The test ... does not propose a determination of the actual intent or subjective purpose of the police in undertaking the interrogations but a determination based upon the objective evidence.
A defendant is in "custody" for purposes of Miranda if the actions of the interrogating officers and the surrounding circumstances, fairly construed, would reasonably lead a detainee to believe he was not free to leave. State v. Barnes, 54 N.J. 1, 6 (1969) cert. den. 396 U.S. 1029, 90 S. Ct. 580, 24 L.Ed.2d 525 (1970). As such, the inquiry has been characterized as an "objective reasonable man" test. Id
The Fifth Amendment to the United States Constitution prohibits the use of involuntary statements and confessions at trial. The State bears the burden of proof in a motion to suppress a statement allegedly obtained in violation of the Miranda  doctrine. New Jersey requires the higher standard of beyond a reasonable doubt when the court determines if Miranda  has not been fully complies with.  State v Yough, 49 NJ 587, 600-601 (1967),  State v Whittington 142 NJ Super. 45, 49-50 (App. Div. 1976), State v Flower 224 NJ Super. 208, 213 (Law Div 1987) aff'd per curiam  224 NJ Super. 90 (App. Div. 1988).

Absent Miranda Warnings to a defendant who is in custody, the prosecution may not use a defendant's answers to questions. State v. Hartley, 103 N.J. 252, 275 (1986). A valid waiver of a defendant's constitutional rights must be made voluntarily, knowingly, and intelligently - the State bears that burden of that proof beyond a reasonable doubt. Miranda v. Arizonasupra, 384 U.S. at 444, 86 S.Ct. at 1612,   State v. Bey, 112 N.J. 123, 134 (1988)

A violation of Miranda does not throw out an arrest. The Miranda violation only makes the verbal statements not admissible at trial

 WHAT IS INTERROGATION?

         As set forth in NJ Practice, Vol. 32 Criminal Practice and Procedure  (West 1998) Section 755, in Rhode Island V Innis,  446 U.S. 291, 100 S.Ct. 1682, 64 L.Ed.2d 297 (1980) the United States Supreme Court held that the term "interrogation" under Miranda refers not only to express questioning but also to any words or actions on the part of the police that the police should know are reasonably likely to elicit, an incriminating response from the suspect.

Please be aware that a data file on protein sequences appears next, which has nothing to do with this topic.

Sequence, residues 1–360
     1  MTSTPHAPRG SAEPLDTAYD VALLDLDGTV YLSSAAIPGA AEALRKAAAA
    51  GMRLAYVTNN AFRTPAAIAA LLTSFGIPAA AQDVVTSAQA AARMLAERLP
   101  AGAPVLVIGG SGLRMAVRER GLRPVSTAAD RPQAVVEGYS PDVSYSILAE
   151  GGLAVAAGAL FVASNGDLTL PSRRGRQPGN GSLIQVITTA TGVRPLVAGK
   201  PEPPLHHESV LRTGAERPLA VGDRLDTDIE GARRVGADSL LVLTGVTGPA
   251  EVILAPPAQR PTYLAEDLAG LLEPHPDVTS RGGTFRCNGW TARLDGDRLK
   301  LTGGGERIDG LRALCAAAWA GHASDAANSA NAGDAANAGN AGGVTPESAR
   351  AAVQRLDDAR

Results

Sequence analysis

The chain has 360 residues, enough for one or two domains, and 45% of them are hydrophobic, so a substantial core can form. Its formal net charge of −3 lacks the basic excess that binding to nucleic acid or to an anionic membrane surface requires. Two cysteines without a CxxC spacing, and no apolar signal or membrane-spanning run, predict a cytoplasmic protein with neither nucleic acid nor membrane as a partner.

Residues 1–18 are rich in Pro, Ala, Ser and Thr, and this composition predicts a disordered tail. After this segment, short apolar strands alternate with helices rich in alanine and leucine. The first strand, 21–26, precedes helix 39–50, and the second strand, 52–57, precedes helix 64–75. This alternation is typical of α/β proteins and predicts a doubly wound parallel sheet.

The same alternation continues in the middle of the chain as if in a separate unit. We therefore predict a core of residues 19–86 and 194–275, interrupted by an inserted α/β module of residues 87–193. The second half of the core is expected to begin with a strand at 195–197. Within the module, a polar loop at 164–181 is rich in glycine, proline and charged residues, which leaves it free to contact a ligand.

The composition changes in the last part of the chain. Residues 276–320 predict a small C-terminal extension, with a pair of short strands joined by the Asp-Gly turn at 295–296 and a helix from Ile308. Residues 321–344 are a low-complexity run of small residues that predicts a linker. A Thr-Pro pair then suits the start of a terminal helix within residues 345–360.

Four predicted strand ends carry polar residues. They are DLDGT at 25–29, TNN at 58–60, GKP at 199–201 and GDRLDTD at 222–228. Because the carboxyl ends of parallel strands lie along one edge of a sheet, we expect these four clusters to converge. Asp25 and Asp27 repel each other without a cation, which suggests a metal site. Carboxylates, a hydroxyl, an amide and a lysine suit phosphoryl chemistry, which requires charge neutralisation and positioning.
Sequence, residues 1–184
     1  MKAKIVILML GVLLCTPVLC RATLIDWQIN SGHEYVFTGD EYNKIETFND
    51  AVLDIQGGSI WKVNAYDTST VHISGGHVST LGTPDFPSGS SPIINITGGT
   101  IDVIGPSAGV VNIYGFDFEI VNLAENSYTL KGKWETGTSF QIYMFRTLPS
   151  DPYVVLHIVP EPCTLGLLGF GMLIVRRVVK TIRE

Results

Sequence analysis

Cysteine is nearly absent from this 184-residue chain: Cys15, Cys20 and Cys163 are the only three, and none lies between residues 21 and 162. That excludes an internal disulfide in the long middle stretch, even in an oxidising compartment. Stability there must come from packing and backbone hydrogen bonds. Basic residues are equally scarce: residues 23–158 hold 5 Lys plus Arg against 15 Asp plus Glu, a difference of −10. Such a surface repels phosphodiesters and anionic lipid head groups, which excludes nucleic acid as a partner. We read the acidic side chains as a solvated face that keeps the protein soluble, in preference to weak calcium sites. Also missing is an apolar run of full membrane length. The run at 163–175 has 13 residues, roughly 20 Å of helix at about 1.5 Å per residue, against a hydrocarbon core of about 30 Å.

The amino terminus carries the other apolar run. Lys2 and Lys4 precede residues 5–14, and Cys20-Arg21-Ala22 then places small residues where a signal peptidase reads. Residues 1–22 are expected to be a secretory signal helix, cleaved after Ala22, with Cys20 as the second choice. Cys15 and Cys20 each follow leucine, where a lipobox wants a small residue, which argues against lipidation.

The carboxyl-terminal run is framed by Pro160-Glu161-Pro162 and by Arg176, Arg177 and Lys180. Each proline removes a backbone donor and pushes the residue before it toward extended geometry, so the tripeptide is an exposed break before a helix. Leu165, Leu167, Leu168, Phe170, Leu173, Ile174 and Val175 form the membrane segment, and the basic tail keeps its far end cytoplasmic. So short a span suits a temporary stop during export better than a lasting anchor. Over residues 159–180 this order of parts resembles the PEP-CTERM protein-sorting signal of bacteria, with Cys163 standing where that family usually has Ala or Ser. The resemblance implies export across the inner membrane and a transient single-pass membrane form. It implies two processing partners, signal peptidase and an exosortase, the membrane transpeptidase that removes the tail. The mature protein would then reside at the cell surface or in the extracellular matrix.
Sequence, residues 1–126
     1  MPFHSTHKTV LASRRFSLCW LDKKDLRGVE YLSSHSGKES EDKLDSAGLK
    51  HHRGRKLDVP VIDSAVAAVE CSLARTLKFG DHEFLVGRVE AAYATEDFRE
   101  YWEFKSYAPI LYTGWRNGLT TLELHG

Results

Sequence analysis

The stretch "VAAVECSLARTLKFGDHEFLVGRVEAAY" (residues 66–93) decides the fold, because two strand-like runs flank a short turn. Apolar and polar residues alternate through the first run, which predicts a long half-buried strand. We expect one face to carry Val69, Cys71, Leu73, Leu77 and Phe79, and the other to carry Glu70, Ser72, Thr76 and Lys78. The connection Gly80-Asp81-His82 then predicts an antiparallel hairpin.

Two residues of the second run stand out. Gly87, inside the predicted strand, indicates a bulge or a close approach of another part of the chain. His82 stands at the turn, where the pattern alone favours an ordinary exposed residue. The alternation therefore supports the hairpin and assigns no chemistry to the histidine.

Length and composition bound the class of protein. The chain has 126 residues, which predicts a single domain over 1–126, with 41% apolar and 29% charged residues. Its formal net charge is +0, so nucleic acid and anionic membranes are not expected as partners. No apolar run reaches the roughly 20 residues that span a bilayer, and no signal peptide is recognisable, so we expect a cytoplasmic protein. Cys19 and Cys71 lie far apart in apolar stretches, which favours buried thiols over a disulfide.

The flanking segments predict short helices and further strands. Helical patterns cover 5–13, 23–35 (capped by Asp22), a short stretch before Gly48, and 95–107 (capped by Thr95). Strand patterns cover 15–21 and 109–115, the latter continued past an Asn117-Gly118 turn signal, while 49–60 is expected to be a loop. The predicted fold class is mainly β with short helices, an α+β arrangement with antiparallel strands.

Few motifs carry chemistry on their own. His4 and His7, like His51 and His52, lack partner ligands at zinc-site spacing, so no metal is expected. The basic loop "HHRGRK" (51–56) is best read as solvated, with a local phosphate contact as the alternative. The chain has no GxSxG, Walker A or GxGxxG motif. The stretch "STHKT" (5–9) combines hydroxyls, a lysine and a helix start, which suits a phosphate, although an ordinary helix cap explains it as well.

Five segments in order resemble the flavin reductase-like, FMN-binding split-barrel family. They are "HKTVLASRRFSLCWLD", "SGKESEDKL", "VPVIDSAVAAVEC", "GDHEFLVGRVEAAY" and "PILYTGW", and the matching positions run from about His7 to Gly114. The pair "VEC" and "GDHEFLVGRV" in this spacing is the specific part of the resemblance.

It is "an established principle of our federalist system" that states may afford "individual liberties more expansive than those afforded by the federal constitution." State v Novembrino105 NJ 95, 144-145 (1987). 

           Generally, a statement given by a defendant is not admissible in a criminal case unless the court is satisfied beyond a reasonable doubt that the defendant was informed of his  Miranda rights before giving the statement and "in light of all the circumstances attending the confession it was given voluntarily." State v Hampton,61 NJ 250, 272 (1972). What is at stake is ensuring the use of effective procedural safeguards to secure the right of the Fifth Amendment to the United States Constitution that " no person shall be.... compelled in any criminal case to be a witness against himself," which is now made applicable to state action by the Due Process Clause of the Fourteenth Amendment. However, once informed of his rights " a defendant may waive effectuation of these rights provided the waiver is made voluntarily, knowingly and intelligently." State v Flower224 NJ Super. 208, 213 (Law Div 1987) aff'd per curiam 224 NJ Super. 90 (App. Div. 1988). citing  Miranda v Arizona  384 US 436, 444, 86 S. Ct 1602, 1612, 16 L. Ed 2d 694 (1966); emphasis in Flowers.
         In State v Flower224 NJ Super. 208, 213 (Law Div 1987) aff'd per curiam  224 NJ Super. 90 (App. Div. 1988), the defendant had a low IQ and limited vocabulary. He gave confessions to police and a confession to DYFS. The court excluded the confession to the police, even though Miranda warnings were given and there was lack of coercion and an admitted waiver of rights by the defendant. The court concluded that   since the Defendant could not understand his  Miranda  rights, he could not waive them. One cannot knowingly and intelligently waive a right that he cannot understand or appreciate. 224 NJ Super. at 216. The court also excluded confessions to a DYFS investigator on the same grounds since she was acting in a law enforcement capacity and failed to inform Defendant of his Miranda rights. Iat 220.